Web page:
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Re: The UKAR politics thread

Post by Zoom »

Andrew Marr pointed out last week that fishing accounts for 0.2% of UK experts although this (snipped) article suggests even less.

The salient point is that the UK is threatening to bring down an deal with the EU over this among other things, so it begs the question are they actually actively pursuing a WTO deal?

One man’s fish is another man’s poisson. Not for much longer, it seems.


The nets of the UK and its maritime neighbours have been inextricably tangled for centuries. Cutting them apart will be calamitous for some European fleets – especially for boats from Brittany, Normandy and the Pas de Calais. It will also be disastrous for locally important and ecologically sustainable parts of the British industry.

Fisheries (0.12% of the UK economy) have been a powerful symbol for Brexiteers. They may now become one of the starkest examples of the folly of no deal.

British shellfish sales to the EU (mostly France and Spain) are worth £430m a year – more than a quarter of all UK fish exports by value. They are vital to small-scale fishermen in Scotland and the West Country. They will be devastated overnight if the UK loses paper-free access to the EU single market.

A myth has been propagated by Brexiteers. There is a single “British fishing industry” which will benefit from reclaiming the “60/70/80% of British fish” caught by EU boats.

No, there isn’t. There are competing interests. English v Scottish; deep-sea fishing v inshore fishing; industrial v family-scale boats; fishers v processors. Some of the most vibrant, locally important and ecologically respectful parts of the UK industry have nothing to gain and everything to lose from Brexit.

They depend on shellfish, lobsters, crabs and langoustines (crayfish) that are quota-free or are overwhelmingly allocated to the UK. More than 80% is sold to the continent (mostly Spain and France). This trade has grown large because of the border-free EU single market.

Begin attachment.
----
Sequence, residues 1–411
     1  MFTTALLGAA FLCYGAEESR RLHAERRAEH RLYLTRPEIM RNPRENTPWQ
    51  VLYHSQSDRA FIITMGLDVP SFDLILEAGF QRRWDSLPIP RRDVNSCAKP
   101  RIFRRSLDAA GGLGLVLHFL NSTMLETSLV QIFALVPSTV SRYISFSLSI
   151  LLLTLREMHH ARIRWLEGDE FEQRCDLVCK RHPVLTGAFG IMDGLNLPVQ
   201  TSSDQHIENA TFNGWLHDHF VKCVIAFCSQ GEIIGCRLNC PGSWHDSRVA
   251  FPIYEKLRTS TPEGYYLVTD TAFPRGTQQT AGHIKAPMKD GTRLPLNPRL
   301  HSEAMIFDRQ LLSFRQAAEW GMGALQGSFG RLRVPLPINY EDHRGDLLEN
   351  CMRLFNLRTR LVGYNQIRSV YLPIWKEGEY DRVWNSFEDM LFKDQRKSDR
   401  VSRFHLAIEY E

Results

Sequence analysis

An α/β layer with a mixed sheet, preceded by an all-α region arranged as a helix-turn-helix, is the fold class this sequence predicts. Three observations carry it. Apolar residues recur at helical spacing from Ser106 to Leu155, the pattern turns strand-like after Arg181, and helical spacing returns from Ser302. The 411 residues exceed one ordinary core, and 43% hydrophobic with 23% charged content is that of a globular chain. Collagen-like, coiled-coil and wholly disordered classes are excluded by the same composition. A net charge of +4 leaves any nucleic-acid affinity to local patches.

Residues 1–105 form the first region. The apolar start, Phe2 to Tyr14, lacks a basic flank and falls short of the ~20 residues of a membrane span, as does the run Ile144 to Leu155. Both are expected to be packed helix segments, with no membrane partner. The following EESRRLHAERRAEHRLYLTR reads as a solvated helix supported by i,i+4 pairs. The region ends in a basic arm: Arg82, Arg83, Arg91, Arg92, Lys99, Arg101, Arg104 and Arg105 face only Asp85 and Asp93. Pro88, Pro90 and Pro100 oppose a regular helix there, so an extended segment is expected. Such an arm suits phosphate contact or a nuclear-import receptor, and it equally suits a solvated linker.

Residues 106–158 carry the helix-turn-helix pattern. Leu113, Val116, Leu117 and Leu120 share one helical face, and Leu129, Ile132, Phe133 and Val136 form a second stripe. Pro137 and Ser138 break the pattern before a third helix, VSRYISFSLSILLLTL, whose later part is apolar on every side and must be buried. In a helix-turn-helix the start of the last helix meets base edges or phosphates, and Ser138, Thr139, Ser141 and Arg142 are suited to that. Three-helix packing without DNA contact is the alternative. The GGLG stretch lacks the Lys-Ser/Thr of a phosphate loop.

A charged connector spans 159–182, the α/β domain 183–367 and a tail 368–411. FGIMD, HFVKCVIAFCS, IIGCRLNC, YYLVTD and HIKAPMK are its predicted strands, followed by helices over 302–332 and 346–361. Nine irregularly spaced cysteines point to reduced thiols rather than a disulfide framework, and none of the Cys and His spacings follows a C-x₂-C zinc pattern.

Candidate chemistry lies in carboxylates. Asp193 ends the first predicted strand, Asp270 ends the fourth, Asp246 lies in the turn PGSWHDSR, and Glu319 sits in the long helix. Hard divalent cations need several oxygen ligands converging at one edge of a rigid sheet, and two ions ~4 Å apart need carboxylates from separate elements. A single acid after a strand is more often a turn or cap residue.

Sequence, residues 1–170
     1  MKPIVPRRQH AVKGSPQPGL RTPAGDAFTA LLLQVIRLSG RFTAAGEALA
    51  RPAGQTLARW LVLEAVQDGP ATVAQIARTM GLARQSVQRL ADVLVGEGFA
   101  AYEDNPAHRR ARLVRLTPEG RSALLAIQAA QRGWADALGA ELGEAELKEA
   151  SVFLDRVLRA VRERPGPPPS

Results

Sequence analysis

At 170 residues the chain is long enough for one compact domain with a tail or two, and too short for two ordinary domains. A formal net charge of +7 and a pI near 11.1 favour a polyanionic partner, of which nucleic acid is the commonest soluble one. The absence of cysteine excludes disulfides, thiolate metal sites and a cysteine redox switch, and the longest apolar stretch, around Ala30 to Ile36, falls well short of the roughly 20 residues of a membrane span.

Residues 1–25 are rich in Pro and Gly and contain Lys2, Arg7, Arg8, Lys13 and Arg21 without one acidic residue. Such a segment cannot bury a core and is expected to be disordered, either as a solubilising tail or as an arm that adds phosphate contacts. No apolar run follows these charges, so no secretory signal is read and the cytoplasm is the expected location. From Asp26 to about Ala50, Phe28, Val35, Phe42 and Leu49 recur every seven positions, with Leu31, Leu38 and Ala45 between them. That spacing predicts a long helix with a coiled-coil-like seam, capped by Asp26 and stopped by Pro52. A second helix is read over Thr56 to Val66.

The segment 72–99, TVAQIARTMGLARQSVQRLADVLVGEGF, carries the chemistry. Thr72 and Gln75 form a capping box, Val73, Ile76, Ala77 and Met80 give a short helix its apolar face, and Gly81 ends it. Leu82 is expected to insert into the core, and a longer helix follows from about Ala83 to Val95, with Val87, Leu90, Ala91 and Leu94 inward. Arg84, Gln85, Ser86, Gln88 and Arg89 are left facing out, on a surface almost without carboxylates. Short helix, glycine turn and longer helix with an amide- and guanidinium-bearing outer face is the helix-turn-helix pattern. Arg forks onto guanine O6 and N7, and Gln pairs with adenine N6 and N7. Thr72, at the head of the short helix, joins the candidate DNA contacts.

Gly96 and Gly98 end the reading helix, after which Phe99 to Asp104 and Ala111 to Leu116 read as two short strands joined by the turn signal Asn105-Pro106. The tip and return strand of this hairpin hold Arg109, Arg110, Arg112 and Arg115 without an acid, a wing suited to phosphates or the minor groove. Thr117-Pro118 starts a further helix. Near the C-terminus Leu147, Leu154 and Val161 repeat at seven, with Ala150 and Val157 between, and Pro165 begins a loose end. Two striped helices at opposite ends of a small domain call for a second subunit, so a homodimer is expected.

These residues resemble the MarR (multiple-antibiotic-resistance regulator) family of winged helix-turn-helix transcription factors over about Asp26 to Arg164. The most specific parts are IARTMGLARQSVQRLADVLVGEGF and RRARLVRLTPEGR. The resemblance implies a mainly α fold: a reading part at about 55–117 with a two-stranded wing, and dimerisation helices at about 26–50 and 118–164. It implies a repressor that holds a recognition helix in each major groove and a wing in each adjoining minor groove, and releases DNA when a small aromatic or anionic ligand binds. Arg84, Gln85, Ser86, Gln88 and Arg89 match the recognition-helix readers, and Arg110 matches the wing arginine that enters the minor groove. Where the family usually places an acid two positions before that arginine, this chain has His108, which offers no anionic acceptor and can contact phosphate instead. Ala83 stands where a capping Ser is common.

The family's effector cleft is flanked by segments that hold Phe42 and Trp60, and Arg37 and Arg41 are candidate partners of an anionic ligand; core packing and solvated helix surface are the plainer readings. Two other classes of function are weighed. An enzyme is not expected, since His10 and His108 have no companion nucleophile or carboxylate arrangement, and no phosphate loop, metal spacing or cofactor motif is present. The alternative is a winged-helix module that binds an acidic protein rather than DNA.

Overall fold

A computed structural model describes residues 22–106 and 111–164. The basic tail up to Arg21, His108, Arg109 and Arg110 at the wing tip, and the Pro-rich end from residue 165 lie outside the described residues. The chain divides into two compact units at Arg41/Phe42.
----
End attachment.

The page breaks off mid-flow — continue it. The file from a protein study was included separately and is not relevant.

‘Other British fishermen, wound up by the xenophobic rhetoric of Fishing for Leave, will expect to claim their off-shore “bonanza” immediately.’
Post-Brexit, trucks arriving in France with fish caught by scores of small boats will have to supply scores of “origin” and “health” documents – one for each boat and each catch. Traders will have to find UK local inspectors in working hours to verify the origin of the seafood and vets to certify its quality.

In the meantime, several large British boats, dependent on EU-agreed quotas in Norwegian waters, will have to suspend fishing if EU law lapses in the UK on 31 October. Other British fishermen, wound up by the xenophobic rhetoric of Fishing for Leave, will expect to claim their off-shore “bonanza” immediately. Since no new quotas have been drawn up, they look likely to be disappointed – and very angry.

Just how much extra fish might there eventually be for the British fleet? UK boats catch just 40% of the tonnage of fish caught in British waters but they already catch more than 60% by value.

French and German boats take a lot of saithe (a relative of the cod) which UK consumers don’t like. Much of the fish caught by Danish boats is so-called industrial species (sprats and horse mackerel) which go to feed pigs. Horse mackerel and chips, anyone?

Overall, the UK imports 70% of the fish we eat and exports 80% of what we catch. The UK already has most of the quotas for haddock and generous quotas for cod (which is anyway growing scarce once again).